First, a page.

“At the temple, Mister. I have been speaking French ever since I was three or four years old.” Dane looked him in the eye when he spoke. It was not a Khmer custom to look people in the eye, but the French liked it. They were so strange, these people. They had been here for so long, decades upon decades, yet they still wore layers upon layers of thick clothes: a jacket, a shirt, an undershirt, maybe short pants if they were lucky and always under a hat. They all looked so immensely uncomfortable to Dane, all the time sweating and swearing and breathing hard. They were all crazy. Strange, pale beasts dripping and grunting from hamlet to town, disgusted and intrigued by the land all at once.

For many years, Catfish the size of horses had lived in the murky deep of the Mekong River that flowed by Dane’s own house. He remembered a time when he was a ten years old. In the early evening of a full moon, Dane sat by the water waiting with his father for someone to buy the baskets of cucumbers from their efforts on the farm. Some of the Frenchmen came and inspected their produce and moved on. It was getting late and it was almost time to take what was left home. They had sold most of the crop and had only five or six Kilos left.

Dane watched his father sitting on his box facing the road with his back to the river. The boy shifted uncomfortably on the wooden column where he sat. A mosquito buzzed in his ear and he waved it away. Just then an enormous catfish came to the surface and splashed away again. Dane caught a glimpse of the tail; it was dark green in the fading light, almost black. The water rippled and splashed against the pillars of the pier and the French men instantly became alarmed, rushing to the water and speaking in hushed tones about monsters and mermaids. Dane’s father looked over at them, amused. He smiled and packed a pipe with tobacco from a pouch he had tucked in his pants. The Frenchmen walked over and stood at the edge of the pier watching the ripples abate. This one had been a big one. It made waves large enough to rock the boats tied to the shore. They thumped together loudly to announce the churned-water comings and goings of the catfish. The alarmed Frenchmen stood staring into the black water with curiosity and terror battling for control.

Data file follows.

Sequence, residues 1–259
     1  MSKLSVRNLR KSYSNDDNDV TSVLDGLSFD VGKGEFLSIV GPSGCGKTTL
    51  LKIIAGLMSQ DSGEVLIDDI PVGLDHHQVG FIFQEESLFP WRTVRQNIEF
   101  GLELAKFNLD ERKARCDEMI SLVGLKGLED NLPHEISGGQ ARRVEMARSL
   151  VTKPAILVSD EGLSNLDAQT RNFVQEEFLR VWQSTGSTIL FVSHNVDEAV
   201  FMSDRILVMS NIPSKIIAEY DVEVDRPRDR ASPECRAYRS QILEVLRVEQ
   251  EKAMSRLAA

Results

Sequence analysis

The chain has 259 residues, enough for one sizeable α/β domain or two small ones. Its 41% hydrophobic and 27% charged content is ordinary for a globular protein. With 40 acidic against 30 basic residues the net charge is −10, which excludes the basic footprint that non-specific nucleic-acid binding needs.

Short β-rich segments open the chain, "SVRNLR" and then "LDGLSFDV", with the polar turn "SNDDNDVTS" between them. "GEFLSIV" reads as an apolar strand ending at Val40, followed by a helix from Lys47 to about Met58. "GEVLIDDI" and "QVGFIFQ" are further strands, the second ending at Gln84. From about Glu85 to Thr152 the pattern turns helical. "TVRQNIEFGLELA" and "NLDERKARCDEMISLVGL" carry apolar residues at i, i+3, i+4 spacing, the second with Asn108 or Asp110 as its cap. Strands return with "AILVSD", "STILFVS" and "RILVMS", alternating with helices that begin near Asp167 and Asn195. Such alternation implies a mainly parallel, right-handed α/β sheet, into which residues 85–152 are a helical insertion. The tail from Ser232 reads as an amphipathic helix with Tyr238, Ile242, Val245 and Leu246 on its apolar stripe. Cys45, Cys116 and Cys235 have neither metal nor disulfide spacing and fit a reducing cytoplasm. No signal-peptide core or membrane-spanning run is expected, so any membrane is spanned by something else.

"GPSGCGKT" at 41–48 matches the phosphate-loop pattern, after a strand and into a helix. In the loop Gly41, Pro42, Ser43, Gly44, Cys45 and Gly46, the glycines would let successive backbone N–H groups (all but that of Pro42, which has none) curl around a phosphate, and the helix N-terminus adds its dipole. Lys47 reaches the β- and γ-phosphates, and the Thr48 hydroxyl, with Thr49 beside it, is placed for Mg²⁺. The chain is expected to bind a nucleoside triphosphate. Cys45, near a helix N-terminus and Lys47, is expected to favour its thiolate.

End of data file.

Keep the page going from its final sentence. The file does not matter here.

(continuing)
“It the big fish,” someone yelled in heavily accented French. It was a young Khmer man in black French pants and a white shirt. “Very big, like a man size.” He went on.

“A fish?” They laughed and went on with a smug certainty that this backwards native had to be daft. Everyone knew there were no fish that big. Silly native boy. Dane watched their eyes as they brushed away the truth.

This tall French officer had that same look in his eyes now. Condescension. Dane looked down. It would not do for this man to take his look as some type of challenge to his authority. That would not go well for him.

“Boy, do you know what happened here?” the tall officer queried.

“I’m not sure, Mister.”

“We will go down and ask these ladies then. Yes?”

“Yes, Mister.”

The three men walked down the ravine toward the ladies. The tall one was in the lead and was followed Dane. The fat one trailed behind them. One of them looked up, and seeing the men coming, wrapped the sarong more closely around herself then said something unintelligible to the other two. The woman holding the girl pulled her closer to her chest as the men crashed through the grass closing on the little enclave. When they were only a feet away from the women, the tall one held up a white gloved hand in greeting and as a sign for the other men to hold their distance. “Good day!” He said. It was not meant to be loud, but it sounded loud to the Khmer women. The girl didn’t look to see where the voice came from. She had her head on the other woman staring off to the side. The men weren’t there at all to her. The two old women waited silently. They were dark, these women. All of them. Their hands were rough; their lips and teeth were stained red with betel nut. They were common women. Peasants. They did not trust the French. None responded with a greeting.